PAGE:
Wednesday, December 30, 2009

Majority of Westerners are willing Christians

[The Western psyche has been shaped by an utter revolt against the suffocating norms of Christian Church with all it's regulatory framework of sin, salvation and ex-communication. Consequently, the Westerner is eager to throw out all external forms and embark on the path of Sadhana without embellishments. by auroman on Mon 28 Dec 2009 09:55 PM IST |  Profile |  Permanent Link Re: Portraits, Relics and Medicaments—by Paola De Paolis]

Comments by auroman, most of the times, are well meaning and perceptive, and here too he is spot on in the context. His description, however, won't apply to all Westerners as majority of Westerners are willing Christians. [TNM]

Contingent & engine congeries

[But I think Meillassoux’s position actually entails the larger claim that all things are cut off form one another. They would even be cut off from their own parts: absolute contingency would not just mean a contingency from one moment to the next, after all, but would suggest that there is a merely contingent relationship between a car and the parts of that car at this very moment. It might be merely contingent that the engine in the car is what powers its movement, rather than my own thoughts, or the engine of another car on the other side of the world. dry Amazon review line of the day from Object-Oriented Philosophy by doctorzamalek
[The Life Divine - Google Books Result by Sri Aurobindo - Mind, being an action of the Infinite, depieces as well as aggregates ad infinitum. It cuts up being into wholes, into ever smaller wholes, into atoms and those atoms into primal atoms, until it would, if it could, dissolve the primal atom into nothingness. (1.18.180)


Speculative philosophy, when poetic, has an added charm, regardless it solves sundry riddles or not. [TNM]

Wednesday, December 23, 2009

The Life Divine retains its fertility

[Take The Life Divine for example. Sri Aurobindo is very conscious of the historicity of various discourses which provide different trajectories for human becoming and negotiates his integral ground by addressing all these. Outside of his own intent, contemporary thought has introduced new concerns (which are often old concerns in new bottles) which the text can be seen to have anticipated in certain ways and hence retains its fertility. The question of bias arises in a situated study very clearly. In untangling the discourses and their genealogies in a text, the biases of the text also reveal themselves. DB Posted June 25, 2009 at 3:48 am | Permalink]

The pivotal role of The Life Divine in the overall Sri Aurobindian scheme is so well entrenched that it is very difficult to elicit a critique. Deficiencies and discrepancies, nevertheless, exist, and a full scale interrogation is required to be attempted.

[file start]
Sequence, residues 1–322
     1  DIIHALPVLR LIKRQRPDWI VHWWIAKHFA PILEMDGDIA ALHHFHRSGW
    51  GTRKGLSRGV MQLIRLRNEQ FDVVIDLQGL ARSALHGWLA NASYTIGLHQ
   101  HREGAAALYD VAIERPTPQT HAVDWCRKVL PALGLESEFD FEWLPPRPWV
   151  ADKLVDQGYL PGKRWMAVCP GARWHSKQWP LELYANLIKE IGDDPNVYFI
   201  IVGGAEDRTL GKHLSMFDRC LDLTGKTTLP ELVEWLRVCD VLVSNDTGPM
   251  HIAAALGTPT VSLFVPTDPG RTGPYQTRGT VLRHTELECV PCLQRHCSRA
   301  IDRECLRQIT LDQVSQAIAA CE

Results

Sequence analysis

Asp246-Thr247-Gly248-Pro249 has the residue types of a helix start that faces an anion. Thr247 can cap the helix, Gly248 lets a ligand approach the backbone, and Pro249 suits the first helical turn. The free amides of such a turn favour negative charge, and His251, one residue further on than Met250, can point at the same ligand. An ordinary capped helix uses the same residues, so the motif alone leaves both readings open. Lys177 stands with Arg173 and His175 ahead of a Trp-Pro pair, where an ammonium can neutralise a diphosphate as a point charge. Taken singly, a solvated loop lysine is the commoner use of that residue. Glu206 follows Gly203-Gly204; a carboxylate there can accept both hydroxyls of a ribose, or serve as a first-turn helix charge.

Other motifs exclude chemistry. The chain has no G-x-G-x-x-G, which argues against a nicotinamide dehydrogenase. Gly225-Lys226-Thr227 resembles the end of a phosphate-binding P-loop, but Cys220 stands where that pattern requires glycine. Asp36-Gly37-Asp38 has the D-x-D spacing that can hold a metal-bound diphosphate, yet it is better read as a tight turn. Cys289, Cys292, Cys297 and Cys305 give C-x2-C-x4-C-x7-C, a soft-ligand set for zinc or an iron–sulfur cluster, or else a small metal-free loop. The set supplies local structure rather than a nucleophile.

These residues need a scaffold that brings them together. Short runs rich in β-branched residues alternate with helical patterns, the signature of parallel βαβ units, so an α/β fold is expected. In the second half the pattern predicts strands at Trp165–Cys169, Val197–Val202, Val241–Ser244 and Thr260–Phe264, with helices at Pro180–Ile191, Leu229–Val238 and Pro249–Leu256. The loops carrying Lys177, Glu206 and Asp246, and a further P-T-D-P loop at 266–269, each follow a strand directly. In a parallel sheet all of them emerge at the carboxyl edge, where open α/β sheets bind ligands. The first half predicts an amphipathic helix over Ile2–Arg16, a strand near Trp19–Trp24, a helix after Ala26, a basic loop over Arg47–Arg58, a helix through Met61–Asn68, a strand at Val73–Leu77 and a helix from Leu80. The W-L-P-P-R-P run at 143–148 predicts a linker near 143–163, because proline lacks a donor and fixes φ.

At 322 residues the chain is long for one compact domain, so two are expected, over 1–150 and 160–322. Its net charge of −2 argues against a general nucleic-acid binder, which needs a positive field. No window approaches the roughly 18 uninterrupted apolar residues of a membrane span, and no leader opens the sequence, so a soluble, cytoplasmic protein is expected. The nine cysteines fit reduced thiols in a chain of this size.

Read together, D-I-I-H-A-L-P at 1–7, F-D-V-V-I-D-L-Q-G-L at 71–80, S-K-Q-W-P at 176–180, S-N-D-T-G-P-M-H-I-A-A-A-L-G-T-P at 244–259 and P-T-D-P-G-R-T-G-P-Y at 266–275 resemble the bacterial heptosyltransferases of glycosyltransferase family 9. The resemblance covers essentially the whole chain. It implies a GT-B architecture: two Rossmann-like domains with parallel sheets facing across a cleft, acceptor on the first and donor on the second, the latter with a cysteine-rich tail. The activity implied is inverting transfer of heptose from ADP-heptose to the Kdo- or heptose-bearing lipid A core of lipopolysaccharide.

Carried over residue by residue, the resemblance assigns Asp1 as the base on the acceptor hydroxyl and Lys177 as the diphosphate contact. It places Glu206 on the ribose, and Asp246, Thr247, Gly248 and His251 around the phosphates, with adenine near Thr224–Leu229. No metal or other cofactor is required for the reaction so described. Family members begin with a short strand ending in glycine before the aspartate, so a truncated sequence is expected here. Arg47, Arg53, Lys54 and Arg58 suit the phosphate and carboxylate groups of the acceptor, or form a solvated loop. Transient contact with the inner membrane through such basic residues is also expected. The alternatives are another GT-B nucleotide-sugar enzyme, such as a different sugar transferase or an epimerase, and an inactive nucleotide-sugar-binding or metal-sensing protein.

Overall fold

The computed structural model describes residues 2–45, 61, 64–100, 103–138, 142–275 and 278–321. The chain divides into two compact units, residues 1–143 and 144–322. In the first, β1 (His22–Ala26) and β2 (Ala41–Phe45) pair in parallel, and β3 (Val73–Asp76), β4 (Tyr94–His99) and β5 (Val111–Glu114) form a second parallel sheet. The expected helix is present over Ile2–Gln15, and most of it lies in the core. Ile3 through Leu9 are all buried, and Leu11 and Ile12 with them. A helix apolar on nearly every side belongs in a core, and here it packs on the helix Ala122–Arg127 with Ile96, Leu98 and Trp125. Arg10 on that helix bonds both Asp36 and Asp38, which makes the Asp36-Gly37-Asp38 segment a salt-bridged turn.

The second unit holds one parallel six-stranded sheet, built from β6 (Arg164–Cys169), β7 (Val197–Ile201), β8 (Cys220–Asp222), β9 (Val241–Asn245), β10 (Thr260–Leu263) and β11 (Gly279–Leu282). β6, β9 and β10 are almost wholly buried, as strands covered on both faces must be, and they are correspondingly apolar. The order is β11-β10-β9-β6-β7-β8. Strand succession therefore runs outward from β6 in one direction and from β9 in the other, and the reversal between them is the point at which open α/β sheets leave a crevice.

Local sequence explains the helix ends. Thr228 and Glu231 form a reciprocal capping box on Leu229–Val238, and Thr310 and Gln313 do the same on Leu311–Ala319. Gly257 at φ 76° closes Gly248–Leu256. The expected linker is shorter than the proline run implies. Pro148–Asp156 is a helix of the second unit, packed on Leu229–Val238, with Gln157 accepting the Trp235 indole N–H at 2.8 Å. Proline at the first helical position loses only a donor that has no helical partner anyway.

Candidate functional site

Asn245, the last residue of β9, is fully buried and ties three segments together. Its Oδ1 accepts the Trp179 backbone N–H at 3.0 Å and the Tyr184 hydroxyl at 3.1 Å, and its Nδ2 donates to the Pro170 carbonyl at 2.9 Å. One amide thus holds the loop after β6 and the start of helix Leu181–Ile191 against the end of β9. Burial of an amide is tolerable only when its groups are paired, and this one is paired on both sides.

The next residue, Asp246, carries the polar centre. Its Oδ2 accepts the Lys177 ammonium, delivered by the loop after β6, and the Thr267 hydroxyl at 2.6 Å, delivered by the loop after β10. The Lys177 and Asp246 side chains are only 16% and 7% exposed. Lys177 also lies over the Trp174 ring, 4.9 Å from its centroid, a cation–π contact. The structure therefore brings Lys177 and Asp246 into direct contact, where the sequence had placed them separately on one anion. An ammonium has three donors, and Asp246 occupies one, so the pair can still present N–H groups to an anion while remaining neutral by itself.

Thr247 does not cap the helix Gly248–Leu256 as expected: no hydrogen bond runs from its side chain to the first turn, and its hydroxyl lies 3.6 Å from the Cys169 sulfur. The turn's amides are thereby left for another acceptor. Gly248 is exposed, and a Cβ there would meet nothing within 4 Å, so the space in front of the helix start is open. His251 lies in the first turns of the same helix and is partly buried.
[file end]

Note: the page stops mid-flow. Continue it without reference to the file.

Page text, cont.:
One glaring rupture is the addition of the last six chapters which altered the basic thrust of the book. Second is the Problem of Rebirth which, unresolved, remained outside the text. The third is the Mind of Light which torpedoed its neat structure. Fourth is the four powers of The Mother which could not be accommodated there.
Scores of other ontological questions raise their heads upon close reading of The Life Divine. On the praxis front too, adequate safeguards against collective yoga changing into a religion have not been addressed. [TNM]  


No need to rely upon ancient stories


Tusar N Mohapatra said...

Nicely put. Yoga, however, is not merely "mindful living." To remember The Mother & Sri Aurobindo and offer the work to them is crucial in this alchemy, while faith and aspiration act as catalysts. No need to rely upon ancient stories therefore. [TNM] December 22, 2009 9:07 PM

Saturday, December 19, 2009

St. Stephen's College and Sri Aurobindo Ashram


[Stephen's teachers unite against bishop Times of India - ‎Dec 17, 2009‎ NEW DELHI: A section of teachers of St Stephen's College challenged the bishop of Church of North India, Sunil Kumar Singh, on Thursday, accusing him of ... Stephen's teachers up ante against Bishop Indian Express Church demanded Rs 1 lakh from Stephen's Daily Pioneer St. Stephens' teachers launch protest against bishop Thaindian.com New Delhi, Dec 17 (IANS) Teachers of one of India's top educational institutes, the St. Stephen's College Thursday launched a protest campaign against the ... Survival of St Stephens in danger, say teachers Press Trust of India - ‎Dec 17, 2009‎ New Delhi, Dec 17 (PTI) St Stephens faculty members today alleged that Church of North India's Bishop's interference in a "reckless manner" in the ..St. Stephen's teachers launch protest against bishop, Delhi News ...]